• Using meditation and yoga to calm your body and mind–both before and after you write—is a powerful way to support yourself. Meditation and yoga can also help you discharge the negative energy that comes up in the writing process. They can help you tap into a larger container and a greater sense of well-being, peace, and joy, even while working with challenging material.
  • Keeping your writing in a safe place and being confident that no one will read it before you are ready to share it is also important.
  • Having people you can go to for emotional support is also helpful; here, again, a writing community is a great benefit.
  • Reading other autobiographies and memoirs (see more below).
  • Join a class. My upcoming Align Your Story for Women is a beautiful, supportive, empowering community that will walk you through the process of writing your best work. 

6) How to Write Autobiography: Learn from Other Writers

Learning from other writers is one of the best ways to improve your writing. Read actively as a writer. Learn from other writers’ techniques.

Reading other autobiographies can also help us have a bigger perspective on our own life experiences. While everyone’s experiences are unique, reading can help us remember how we are all also connected. Sometimes when we write, we can feel isolated in our experiences. But reading helps us feel supported in our own life story. We can remember that we are not our experiences, that while our experiences shape us, they do not define us.

7) How to Write Autobiography: Revise

The revision process is critical. You’re not going to get the story right in the first round.

In fact, in re-reading your story, you’ll likely notice new things and have new insights.

Let the writing and revision processes guide you. Allow both the writing and revision processes to be ones of discovery. You will definitely grow through writing your autobiography.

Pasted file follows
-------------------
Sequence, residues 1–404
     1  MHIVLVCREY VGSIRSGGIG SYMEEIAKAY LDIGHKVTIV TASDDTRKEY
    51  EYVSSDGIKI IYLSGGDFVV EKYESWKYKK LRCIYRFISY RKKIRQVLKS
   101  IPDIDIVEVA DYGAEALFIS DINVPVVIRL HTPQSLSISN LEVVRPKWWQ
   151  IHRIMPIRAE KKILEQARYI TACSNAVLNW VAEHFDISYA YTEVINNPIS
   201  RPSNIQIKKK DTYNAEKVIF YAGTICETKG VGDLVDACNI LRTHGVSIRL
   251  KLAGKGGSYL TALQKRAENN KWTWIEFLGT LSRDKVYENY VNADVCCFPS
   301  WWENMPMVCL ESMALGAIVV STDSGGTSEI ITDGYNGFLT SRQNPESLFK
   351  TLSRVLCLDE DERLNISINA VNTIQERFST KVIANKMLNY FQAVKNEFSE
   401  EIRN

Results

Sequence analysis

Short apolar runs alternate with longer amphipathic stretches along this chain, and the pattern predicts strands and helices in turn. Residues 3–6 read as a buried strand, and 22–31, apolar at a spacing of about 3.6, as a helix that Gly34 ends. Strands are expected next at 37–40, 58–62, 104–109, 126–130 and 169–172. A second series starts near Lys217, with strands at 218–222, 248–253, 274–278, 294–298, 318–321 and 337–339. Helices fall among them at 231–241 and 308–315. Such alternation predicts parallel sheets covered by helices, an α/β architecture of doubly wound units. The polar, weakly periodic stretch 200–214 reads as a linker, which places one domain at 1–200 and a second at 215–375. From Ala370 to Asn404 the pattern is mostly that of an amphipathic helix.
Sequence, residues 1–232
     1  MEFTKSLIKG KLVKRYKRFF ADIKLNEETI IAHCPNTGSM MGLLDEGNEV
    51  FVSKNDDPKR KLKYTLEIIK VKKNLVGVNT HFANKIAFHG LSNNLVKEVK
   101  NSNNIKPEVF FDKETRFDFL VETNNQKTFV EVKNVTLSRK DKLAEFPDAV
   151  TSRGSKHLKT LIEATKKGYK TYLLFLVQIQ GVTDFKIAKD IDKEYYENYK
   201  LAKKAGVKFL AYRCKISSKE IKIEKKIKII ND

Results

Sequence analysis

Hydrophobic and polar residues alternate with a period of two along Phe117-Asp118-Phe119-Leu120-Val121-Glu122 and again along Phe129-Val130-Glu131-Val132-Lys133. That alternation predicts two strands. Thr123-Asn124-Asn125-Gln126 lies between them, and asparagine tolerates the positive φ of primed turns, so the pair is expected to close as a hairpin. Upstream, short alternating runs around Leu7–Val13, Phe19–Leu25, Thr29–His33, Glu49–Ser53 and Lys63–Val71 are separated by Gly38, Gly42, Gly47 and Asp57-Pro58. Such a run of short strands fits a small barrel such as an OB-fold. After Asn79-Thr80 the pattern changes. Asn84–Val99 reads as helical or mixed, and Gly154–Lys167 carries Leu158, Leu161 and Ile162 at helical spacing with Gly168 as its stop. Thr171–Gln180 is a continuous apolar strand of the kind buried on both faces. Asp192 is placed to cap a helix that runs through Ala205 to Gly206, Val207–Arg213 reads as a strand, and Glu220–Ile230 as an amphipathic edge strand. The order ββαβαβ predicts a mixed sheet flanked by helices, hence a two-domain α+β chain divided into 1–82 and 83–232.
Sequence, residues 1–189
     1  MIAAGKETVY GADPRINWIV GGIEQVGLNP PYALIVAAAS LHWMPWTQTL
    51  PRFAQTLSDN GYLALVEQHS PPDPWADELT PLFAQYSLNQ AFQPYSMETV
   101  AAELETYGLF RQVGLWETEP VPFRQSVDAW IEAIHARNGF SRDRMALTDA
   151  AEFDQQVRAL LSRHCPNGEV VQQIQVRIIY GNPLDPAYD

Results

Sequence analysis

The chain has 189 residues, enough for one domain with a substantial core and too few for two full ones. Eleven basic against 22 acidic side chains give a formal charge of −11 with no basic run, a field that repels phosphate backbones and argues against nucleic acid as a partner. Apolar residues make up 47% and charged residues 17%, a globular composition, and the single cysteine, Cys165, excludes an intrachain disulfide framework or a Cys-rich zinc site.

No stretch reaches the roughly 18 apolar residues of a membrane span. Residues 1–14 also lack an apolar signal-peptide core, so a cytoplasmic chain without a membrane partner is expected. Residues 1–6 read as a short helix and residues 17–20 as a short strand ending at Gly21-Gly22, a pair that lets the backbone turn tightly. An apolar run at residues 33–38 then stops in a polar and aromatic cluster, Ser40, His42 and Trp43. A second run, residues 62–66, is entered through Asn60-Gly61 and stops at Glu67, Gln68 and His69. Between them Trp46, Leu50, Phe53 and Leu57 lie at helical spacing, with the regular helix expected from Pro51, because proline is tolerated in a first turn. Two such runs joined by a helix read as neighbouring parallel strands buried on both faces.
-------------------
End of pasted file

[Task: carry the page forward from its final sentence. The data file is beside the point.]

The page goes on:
8) How to Write Autobiography: Share (When You’re Ready)

One of the most powerful things about writing is that you don’t need to share your words until you’re ready. The page can be a safe place to try things, explore, be yourself without needing to be judged, and make mistakes.

You might not know exactly what is true for you. Write your story down and see how it feels.

You can get support from a writing community without needing to share the work itself.

Keep your writing safe so that no one finds it until you’re ready to share it.

But when you’re ready to share, be sure first to share it with people you trust who will support you.

Then, when you’re ready, you can share it with larger communities.

Your story has the power to help change and inspire others. But not until you’re ready. And, if you prefer not ever to share it, that’s okay, too. Just doing this work yourself is powerful transformative work that will shape others in the ways you’re able to show up in the world with more peace, ease, grace, and power.

9) The Benefits of Writing Autobiography

Writing our story—understanding it, coming to terms with it, putting it into words, putting it on the page, and sharing it with others—is one of the most powerful things any of us can do. We cannot control the world around us, but we can choose how we want to respond. And those choices have enormous power over our inner and outer lives.